Preservationists, joyful about their success in buying farmland that houses 2,000-year-old Hopewell earthworks have yet to determine what will happen next, the leader of an effort to save them said Monday.
After successfully bidding on two properties, Nanci Lanni, the daughter of Harry Wilks, who founded the Pyramid Hill Sculpture Park, told this media outlet they would become part of that park.
The earthworks, whose proponents say may have been used for ceremonies, occupy almost 17 acres. But now covered by trees and invasive-species honeysuckle surrounding them, are difficult to see. Modern-day observers of the earthworks are impressed by the sophistication the prehistoric Native Americans had in creating them.
“We knew we faced a big challenge. For sure,” said Dr. Jeffrey Leipzig, an allergist and protege of Hamilton dermatologist Dr. Louis Luke Barich, who died in January and owned the properties, which were among 20 sold at auction Saturday at the Fitton Center for Creative Arts. Leipzig organized the effort to save the earthworks.
Paul Gardner, Midwest director of The Archaeological Conservancy, said that nationally, conservation groups typically only prevail about 25 percent of the time when attempting to buy land to save a cultural asset. Gardner’s group about a month ago pledged $100,000 toward the purchase and helped gather almost $400,000 in pledges and donations, mainly from Ohioans.
“It was actually a collaboration,” Leipzig added. “Dr. Barich used to use a big word. He called us ‘co-catalysts.’ That’s what it was.”
The two properties sold Saturday for $575,000 and $545,000, respectively.
Leipzig said Lanni, whose father founded Pyramid Hill Sculpture Park largely as a way to preserve the area’s beautiful land, refused to be denied in bidding on two properties.
“She was not going to lose,” he said.
In addition to wanting to preserve large swaths of land in the area, Wilks also had been a longtime friend of Barich. Lanni told this media outlet the men had talked about making Fortified Hill part of Pyramid Hill.
They spoke with a lawyer, but were never able to work it out before Barich died, Leipzig said.
“With her help, and with my insisting on everybody that we needed to get it done, we got it done,” Leipzig said. “It was quite a special moment. It was amazing.”
Several organizations were instrumental in making the purchase happen, and Leipzig said he believes they will end up being involved with the land’s future.
The properties will be owned by Pyramid Hill through the Harry T. Wilks Foundation, Leipzig said, adding, “obviously, others as well, so all the 800 people who pledged, and $100,000 from The Archaeological Conservancy, $50,000 from Three Valley Trust, who’s going to hold the environmental easement.”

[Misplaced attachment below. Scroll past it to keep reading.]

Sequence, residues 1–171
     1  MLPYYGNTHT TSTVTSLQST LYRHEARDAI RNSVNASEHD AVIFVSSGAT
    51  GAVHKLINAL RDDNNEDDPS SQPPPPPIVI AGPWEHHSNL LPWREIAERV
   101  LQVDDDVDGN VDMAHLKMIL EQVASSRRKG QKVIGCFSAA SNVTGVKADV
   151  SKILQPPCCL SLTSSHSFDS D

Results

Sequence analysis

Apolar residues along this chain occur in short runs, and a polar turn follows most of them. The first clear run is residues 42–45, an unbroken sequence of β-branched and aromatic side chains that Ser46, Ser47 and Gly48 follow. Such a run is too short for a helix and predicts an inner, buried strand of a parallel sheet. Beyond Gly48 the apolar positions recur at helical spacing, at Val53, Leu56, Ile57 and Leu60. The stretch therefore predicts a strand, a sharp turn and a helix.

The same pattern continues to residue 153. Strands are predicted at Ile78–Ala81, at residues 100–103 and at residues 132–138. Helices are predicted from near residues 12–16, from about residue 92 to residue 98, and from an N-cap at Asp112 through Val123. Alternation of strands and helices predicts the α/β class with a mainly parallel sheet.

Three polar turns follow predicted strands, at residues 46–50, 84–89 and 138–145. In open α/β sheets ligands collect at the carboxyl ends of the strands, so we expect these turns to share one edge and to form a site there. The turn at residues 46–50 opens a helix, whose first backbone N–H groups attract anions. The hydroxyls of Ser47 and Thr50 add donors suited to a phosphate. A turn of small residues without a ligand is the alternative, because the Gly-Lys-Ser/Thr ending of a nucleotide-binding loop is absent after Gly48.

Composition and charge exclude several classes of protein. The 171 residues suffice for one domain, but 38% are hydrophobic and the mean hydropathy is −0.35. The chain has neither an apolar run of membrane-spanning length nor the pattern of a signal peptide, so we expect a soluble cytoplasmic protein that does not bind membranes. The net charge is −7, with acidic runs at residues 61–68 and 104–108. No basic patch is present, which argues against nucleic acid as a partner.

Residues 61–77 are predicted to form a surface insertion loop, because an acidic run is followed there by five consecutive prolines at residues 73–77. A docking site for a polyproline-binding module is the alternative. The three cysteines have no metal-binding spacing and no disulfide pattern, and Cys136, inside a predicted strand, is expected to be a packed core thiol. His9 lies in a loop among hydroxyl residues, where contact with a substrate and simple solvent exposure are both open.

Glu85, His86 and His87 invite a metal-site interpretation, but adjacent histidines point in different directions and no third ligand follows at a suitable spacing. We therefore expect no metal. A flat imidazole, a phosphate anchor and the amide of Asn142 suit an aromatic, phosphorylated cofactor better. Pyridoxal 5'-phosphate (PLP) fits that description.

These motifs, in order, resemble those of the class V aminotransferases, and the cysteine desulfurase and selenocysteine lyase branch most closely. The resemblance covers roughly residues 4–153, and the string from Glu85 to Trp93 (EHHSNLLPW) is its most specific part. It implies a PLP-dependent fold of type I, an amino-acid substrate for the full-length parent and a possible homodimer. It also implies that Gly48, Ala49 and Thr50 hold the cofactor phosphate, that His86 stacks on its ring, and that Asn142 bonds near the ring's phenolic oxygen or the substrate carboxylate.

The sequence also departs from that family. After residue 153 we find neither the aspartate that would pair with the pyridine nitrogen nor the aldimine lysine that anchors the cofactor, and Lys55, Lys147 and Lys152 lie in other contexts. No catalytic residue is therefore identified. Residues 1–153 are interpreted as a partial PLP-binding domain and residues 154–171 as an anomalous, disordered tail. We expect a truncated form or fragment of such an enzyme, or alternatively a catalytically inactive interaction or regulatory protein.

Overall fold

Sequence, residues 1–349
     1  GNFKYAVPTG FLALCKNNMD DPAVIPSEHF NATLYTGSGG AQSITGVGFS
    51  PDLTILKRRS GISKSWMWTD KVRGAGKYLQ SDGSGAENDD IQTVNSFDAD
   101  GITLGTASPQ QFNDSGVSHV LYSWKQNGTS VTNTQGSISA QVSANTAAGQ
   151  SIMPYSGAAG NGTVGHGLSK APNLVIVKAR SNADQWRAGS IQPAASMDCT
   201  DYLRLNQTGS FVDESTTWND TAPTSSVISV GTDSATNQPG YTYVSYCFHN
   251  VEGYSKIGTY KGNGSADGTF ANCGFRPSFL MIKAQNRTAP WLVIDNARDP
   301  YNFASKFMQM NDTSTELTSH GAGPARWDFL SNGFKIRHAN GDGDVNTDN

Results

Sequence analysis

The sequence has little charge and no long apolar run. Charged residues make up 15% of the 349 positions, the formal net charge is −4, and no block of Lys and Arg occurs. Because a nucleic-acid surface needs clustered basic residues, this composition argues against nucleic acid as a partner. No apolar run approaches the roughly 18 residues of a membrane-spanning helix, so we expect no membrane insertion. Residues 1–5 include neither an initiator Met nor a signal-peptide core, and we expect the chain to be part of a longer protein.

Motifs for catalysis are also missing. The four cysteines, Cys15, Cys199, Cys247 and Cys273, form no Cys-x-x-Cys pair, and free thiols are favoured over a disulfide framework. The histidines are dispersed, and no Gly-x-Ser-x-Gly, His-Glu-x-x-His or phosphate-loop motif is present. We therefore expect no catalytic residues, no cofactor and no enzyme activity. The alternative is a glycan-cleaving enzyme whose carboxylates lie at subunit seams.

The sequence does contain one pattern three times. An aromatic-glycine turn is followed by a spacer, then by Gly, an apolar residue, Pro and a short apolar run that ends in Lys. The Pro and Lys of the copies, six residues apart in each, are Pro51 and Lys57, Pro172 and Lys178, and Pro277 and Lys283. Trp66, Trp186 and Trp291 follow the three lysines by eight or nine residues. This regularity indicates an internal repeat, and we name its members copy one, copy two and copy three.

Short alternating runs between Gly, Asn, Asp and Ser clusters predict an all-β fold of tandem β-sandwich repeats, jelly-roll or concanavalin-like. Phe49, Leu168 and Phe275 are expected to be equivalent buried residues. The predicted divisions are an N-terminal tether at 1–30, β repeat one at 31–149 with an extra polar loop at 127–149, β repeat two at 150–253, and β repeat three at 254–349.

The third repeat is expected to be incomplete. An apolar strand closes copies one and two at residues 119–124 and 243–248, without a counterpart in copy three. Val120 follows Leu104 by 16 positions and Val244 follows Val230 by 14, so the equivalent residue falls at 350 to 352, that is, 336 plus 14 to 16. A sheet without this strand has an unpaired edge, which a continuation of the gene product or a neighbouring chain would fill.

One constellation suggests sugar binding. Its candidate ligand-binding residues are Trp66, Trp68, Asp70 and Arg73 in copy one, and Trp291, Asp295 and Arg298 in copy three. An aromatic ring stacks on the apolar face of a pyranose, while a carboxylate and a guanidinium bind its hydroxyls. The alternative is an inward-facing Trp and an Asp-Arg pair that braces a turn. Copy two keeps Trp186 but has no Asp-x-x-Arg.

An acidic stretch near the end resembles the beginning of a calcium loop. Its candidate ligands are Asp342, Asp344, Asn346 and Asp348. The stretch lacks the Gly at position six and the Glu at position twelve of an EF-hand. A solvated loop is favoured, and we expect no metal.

“There were 800 people who pledged,” Leipzig said. “That’s just a huge number. People wanted that place preserved.”
“The thing that was so amazing was everywhere we turned, it seemed like we kept getting extra help, and extra support, and extra people who wanted to preserve and do it,” Leipzig said. “We hopefully spoke for everybody that this was a site that it’s a sacred ceremonial site that deserved its protection.”
Advocates are especially enthusiastic about the possibilities because the Fort Ancient and other Hopewell sites from the same era appear to be on the cusp of becoming UNESCO World Heritage sites, probably in 2022 or 2023, joining such world cultural icons that include the Pyramids of Egypt, the Grand Canyon and Mammoth Cave. While the so-called “Fortified Hill Works” are not part of the group likely to be included, tourists from across the globe are expected to visit, and local tourism advocates believe they might make the Fortified Hill earthworks part of their trip, especially if further study helps define what these earthworks were used for.
Leipzig said the Fortified Hill earthworks obviously will not be immediately open to the public, and how they are put on display has not been determined.
“That’s going to be up to the partners,” he said. “The partners will be the ones who determine everything. The Archaeological Conservancy is part of that, Heartland Earthworks Conservancy is part of that, for sure. We’re also going to work with Three Valley Conservation and Trust, because they’re going to do the environmental piece.”
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